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The Museum of the Palestinian People (MPP) is excited to offer this important panel discussion about raising kids in the diaspora.

Get your tickets here.

We will introduce parents and families to strategies for building identity and offering kids an environment to embrace, learn, and educate others about their Palestinian heritage. There is no one way to be Palestinian, but being Palestinian can predictively come with certain reactions and we want to give you the tools to handle these moments with your kids.

We’ll talk about how to respond to complicated school situations, how to navigate issues you may encounter when talking to your kids about Palestine, and how you can help your kids navigate their own Palestinian identity. We will also have time at the end for audience Q&A!

Susan Darraj is an award-winning writer and professor. Hershort story collection, A Curious Land: Stories from Home, was named the winner of the AWP Grace Paley Prize for Short Fiction. In 2019, she launched the viral #TweetYourThobe social media campaign to promote Palestinian culture. Her chapter book series, Farah Rocks, debuted in 2020 by Captstone Books. The series is about a smart, brave Palestinian American girl named Farah Hajjar.

Thuraya Zeidan’s work focuses on including the marginalized in school curricula, where it is long overdue and needed in all of our schools. She promotes equity in the classroom and wants to ensure student perspectives and experiences are brought to the forefront. Her research interests include anti-racist teaching, multicultural literature, developing culturally responsive instruction and the lived experiences of students from diverse backgrounds. Zeidan serves on the NJEA’s member advisory council for the Racial Equity, Affirmation, and Literacy Movement and is on the member advisory council for the Racial Equity committee in my district where she is also a union representative. Zeidan gives workshops/presentations to teachers to improve anti-racist teaching and the classroom environment.

Rifk Ebeid is the debut author of the must-have children’s book “Baba, What Does My Name Mean?” She was born and raised in the United States, but is originally Palestinian, hailing from the beautiful cities of al-Khalil (Hebron) and al-Quds (Jerusalem). Rifk has been a lifelong lover of all things Palestine, and first began her advocacy work with an impassioned letter to the editor in the seventh grade. Her happiest memories were the summers she spent in Jerusalem with her very big Palestinian family, exploring the land and soaking in every bit of its rich history and resilient people. She lives in Florida, with her husband, family, and three children, who were all named after beloved cities in Palestine.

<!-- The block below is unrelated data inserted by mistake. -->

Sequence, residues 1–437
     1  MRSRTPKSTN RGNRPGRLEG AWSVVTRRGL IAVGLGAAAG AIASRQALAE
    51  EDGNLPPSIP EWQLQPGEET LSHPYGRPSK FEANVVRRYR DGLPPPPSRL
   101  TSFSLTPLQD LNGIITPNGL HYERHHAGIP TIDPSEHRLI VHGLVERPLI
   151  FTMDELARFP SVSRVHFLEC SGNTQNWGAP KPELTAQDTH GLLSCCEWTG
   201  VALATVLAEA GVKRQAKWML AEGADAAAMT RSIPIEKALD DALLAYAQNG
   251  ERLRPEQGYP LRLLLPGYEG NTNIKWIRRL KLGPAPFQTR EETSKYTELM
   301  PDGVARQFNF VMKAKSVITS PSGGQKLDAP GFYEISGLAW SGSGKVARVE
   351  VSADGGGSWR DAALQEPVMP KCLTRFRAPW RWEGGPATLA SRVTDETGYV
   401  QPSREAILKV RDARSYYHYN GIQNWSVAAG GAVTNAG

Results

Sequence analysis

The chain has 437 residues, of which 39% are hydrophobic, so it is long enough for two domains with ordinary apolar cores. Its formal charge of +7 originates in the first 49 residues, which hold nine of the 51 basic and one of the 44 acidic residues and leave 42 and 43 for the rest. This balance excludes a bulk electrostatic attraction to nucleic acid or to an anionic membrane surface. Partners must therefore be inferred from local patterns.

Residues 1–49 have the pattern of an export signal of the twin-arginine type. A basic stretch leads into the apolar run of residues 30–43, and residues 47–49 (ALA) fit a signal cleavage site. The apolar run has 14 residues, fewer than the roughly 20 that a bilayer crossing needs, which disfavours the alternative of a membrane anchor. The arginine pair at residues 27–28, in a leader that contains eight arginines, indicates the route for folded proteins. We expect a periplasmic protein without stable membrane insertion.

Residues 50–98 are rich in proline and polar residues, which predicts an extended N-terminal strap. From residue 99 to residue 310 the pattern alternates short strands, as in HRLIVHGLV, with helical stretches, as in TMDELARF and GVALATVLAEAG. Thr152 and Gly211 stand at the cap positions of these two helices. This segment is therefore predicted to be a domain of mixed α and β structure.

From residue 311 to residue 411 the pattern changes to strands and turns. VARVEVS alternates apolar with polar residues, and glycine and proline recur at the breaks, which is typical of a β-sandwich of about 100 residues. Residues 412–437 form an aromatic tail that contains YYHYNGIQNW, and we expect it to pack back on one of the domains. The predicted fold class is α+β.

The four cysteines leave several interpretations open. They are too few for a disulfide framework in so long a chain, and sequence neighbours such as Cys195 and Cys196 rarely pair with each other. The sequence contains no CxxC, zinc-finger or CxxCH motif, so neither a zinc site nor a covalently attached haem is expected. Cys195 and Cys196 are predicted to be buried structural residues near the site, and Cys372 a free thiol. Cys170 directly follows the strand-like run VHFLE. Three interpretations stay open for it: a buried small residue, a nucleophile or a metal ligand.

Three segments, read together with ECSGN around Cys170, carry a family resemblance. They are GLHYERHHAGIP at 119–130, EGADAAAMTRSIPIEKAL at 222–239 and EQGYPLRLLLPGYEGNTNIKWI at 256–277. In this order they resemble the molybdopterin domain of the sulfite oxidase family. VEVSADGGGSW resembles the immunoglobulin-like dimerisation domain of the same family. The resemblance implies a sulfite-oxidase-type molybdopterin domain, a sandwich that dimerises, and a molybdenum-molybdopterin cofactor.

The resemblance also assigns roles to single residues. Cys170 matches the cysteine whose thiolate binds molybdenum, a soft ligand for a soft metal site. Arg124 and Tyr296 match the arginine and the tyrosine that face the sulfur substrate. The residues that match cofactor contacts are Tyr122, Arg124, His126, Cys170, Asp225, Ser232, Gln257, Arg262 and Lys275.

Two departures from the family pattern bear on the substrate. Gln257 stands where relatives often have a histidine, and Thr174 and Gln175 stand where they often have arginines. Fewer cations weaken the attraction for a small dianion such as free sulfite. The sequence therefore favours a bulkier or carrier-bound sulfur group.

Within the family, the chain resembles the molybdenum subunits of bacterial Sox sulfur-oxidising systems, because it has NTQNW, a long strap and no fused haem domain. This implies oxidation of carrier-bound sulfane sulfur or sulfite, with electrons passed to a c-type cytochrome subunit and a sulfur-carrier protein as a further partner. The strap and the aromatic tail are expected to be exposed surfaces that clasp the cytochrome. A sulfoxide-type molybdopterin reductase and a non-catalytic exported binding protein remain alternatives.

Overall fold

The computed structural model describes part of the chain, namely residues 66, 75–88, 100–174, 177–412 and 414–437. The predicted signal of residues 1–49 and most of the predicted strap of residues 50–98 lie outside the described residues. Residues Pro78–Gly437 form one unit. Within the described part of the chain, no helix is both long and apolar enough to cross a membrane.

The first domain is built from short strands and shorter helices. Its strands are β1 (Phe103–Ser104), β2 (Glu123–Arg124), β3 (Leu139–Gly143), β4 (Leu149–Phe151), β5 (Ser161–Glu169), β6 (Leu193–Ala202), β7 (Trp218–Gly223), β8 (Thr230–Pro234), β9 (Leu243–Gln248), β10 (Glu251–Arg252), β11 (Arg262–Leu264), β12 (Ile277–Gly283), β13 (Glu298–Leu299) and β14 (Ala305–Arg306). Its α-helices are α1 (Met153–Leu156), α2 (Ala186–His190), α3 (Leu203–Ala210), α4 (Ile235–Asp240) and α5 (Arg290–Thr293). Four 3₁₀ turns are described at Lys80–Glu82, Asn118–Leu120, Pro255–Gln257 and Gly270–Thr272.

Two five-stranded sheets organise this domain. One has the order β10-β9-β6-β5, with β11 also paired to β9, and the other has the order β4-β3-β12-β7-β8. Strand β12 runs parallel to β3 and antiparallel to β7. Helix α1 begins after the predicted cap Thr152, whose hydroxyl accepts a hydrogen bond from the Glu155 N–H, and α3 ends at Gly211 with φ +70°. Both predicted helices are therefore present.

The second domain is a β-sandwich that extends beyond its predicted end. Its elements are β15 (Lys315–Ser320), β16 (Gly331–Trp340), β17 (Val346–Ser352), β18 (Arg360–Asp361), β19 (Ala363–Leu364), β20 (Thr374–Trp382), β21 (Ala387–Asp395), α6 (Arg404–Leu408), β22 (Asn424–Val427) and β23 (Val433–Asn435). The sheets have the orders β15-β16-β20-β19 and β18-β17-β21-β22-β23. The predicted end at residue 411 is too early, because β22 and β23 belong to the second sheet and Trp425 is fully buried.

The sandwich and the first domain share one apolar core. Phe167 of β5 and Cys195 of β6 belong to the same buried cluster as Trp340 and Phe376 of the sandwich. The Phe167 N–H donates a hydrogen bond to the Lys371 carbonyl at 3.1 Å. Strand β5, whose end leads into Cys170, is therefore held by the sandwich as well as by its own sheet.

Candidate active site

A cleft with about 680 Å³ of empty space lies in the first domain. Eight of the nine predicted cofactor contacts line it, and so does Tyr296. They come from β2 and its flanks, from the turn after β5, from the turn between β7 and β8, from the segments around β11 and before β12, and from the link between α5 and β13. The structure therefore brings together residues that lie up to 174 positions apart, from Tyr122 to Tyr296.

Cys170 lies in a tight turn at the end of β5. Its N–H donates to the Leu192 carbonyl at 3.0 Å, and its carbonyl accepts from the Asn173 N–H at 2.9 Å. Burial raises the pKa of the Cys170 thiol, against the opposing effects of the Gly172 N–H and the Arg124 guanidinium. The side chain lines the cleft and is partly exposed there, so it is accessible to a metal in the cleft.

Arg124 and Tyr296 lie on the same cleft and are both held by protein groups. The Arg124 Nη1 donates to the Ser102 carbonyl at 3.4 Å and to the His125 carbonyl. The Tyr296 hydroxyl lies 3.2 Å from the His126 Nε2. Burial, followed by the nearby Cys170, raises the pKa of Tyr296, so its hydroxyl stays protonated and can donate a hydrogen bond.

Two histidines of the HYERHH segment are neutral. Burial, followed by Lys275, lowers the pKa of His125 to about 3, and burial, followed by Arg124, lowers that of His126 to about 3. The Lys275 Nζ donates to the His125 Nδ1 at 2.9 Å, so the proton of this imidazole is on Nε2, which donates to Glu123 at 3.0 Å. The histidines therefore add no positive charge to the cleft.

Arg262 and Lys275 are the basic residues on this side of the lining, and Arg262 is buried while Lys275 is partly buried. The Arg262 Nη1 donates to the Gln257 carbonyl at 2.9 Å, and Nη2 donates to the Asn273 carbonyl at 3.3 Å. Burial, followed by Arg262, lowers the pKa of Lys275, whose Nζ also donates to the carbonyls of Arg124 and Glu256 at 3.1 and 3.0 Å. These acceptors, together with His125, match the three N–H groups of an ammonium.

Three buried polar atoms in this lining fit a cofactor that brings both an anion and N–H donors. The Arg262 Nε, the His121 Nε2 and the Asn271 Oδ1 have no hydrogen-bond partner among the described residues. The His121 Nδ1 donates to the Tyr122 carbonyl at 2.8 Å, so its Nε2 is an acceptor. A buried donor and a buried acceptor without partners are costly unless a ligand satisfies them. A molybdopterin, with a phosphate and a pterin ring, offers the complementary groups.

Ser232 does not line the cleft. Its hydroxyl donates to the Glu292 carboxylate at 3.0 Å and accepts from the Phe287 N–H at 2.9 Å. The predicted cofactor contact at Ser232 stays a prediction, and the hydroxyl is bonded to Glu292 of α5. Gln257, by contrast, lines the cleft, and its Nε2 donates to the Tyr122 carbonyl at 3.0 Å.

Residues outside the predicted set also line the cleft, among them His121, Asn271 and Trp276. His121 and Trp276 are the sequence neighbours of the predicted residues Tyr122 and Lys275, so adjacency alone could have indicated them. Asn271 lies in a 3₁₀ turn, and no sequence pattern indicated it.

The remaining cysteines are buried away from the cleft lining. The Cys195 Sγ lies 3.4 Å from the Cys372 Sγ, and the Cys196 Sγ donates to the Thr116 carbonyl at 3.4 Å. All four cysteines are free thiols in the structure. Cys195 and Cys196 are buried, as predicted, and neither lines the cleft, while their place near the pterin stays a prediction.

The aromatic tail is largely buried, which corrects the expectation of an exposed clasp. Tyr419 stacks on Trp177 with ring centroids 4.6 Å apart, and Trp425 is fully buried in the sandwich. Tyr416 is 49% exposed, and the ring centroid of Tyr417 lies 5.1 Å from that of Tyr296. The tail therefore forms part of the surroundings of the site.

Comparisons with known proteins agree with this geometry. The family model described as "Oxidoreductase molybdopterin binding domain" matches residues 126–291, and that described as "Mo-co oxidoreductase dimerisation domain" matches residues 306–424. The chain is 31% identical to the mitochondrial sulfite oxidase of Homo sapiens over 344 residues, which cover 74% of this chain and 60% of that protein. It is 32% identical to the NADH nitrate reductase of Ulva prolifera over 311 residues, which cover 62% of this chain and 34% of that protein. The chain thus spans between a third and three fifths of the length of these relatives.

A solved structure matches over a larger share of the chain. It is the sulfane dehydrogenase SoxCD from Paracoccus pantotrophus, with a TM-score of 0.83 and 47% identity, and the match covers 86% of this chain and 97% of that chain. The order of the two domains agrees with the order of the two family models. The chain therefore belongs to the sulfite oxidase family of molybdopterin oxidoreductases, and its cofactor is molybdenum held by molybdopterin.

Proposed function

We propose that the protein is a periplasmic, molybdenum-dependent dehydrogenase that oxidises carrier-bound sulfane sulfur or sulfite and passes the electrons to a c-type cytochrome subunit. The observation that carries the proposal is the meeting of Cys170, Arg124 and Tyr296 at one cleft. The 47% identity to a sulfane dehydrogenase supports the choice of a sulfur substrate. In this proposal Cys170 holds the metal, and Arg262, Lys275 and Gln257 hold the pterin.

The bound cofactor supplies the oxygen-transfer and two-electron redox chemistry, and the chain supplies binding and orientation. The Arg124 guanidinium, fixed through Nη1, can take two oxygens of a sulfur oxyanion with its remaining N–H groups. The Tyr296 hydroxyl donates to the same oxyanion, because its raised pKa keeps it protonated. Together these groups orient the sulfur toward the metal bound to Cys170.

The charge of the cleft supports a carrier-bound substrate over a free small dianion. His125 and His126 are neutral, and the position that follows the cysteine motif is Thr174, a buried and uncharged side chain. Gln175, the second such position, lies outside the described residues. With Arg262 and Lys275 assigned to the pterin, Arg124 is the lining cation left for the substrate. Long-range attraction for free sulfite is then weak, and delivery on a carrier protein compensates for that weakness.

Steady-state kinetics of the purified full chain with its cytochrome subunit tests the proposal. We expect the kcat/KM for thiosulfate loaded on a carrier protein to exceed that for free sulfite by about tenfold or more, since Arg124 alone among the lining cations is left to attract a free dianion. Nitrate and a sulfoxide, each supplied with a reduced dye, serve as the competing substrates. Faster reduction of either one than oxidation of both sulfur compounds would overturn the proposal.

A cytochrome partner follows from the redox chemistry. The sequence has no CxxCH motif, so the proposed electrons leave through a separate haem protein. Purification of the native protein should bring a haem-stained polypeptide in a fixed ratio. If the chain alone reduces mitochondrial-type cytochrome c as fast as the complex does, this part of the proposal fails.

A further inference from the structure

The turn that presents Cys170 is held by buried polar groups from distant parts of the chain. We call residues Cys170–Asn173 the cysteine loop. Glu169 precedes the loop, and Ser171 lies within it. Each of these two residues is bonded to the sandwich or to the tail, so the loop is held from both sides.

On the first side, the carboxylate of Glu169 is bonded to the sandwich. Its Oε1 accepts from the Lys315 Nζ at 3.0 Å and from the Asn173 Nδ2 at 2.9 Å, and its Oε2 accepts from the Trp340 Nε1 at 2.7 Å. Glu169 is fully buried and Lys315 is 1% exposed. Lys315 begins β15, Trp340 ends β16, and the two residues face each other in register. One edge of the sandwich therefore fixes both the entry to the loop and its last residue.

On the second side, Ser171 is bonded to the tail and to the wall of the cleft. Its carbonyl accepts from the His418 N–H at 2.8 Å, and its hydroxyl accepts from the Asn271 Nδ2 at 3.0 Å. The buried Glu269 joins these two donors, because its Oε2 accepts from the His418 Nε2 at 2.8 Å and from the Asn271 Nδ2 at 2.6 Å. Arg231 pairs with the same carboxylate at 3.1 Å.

Ruba Marshood is a Palestinian-American community leader with over 15 years of international development and non-profit experience. She has worked with global and local agencies, ranging from the United Nations to small organizations in different parts of the world, cultivating community collaborations and advancing social justice and equity. Currently, as Director of Partnerships and Community Engagement with the Literacy Council of Northern Virginia, Ruba fosters strategic relationships with other nonprofit, civic, government and corporate entities. She has served on various committees focused on the needs of the underserved in the region, including her appointment to the Alexandria City Public School 2025 Strategic Planning Committee, Alexandria City’s COVID-19 Community Response Advisory Committee, and the Fairfax County Community Partnership Strategy Team, of which she is a co-lead. She is Vice President of the Board of Trustees of the non-profit Montessori School of Northern Virginia and an alumna of the Princeton AlumniCorps’ Emerging Leaders program. She was recently named a Northern Virginia 2021 “40 Under 40 Winner” by Leadership Center for Excellence and Leadership Fairfax. Ruba received her BSc from University of Maryland and her MA from Duke University. A published photographer, lover of dance and food, Ruba’s greatest joy is hearing her children laugh and watching them proudly embrace their Palestinian heritage.Move content upDelete moduleAdd TextAdd ImageAdd VideoDiscardSave

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